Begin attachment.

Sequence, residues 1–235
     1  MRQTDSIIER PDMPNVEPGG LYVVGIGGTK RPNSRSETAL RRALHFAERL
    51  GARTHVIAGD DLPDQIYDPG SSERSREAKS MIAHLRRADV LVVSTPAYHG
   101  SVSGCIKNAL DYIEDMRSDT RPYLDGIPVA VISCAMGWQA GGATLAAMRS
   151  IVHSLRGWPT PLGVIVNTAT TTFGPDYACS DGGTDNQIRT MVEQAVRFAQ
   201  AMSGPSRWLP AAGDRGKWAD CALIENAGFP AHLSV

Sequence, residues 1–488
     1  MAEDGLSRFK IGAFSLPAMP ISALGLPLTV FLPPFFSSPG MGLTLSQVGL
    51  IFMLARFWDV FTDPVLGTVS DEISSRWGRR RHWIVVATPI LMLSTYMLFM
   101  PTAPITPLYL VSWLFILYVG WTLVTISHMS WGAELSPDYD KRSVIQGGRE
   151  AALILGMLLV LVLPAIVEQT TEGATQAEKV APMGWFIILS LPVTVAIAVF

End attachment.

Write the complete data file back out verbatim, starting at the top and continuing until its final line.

Sequence, residues 1–235
     1  MRQTDSIIER PDMPNVEPGG LYVVGIGGTK RPNSRSETAL RRALHFAERL
    51  GARTHVIAGD DLPDQIYDPG SSERSREAKS MIAHLRRADV LVVSTPAYHG
   101  SVSGCIKNAL DYIEDMRSDT RPYLDGIPVA VISCAMGWQA GGATLAAMRS
   151  IVHSLRGWPT PLGVIVNTAT TTFGPDYACS DGGTDNQIRT MVEQAVRFAQ
   201  AMSGPSRWLP AAGDRGKWAD CALIENAGFP AHLSV

Sequence, residues 1–488
     1  MAEDGLSRFK IGAFSLPAMP ISALGLPLTV FLPPFFSSPG MGLTLSQVGL
    51  IFMLARFWDV FTDPVLGTVS DEISSRWGRR RHWIVVATPI LMLSTYMLFM
   101  PTAPITPLYL VSWLFILYVG WTLVTISHMS WGAELSPDYD KRSVIQGGRE
   151  AALILGMLLV LVLPAIVEQT TEGATQAEKV APMGWFIILS LPVTVAIAVF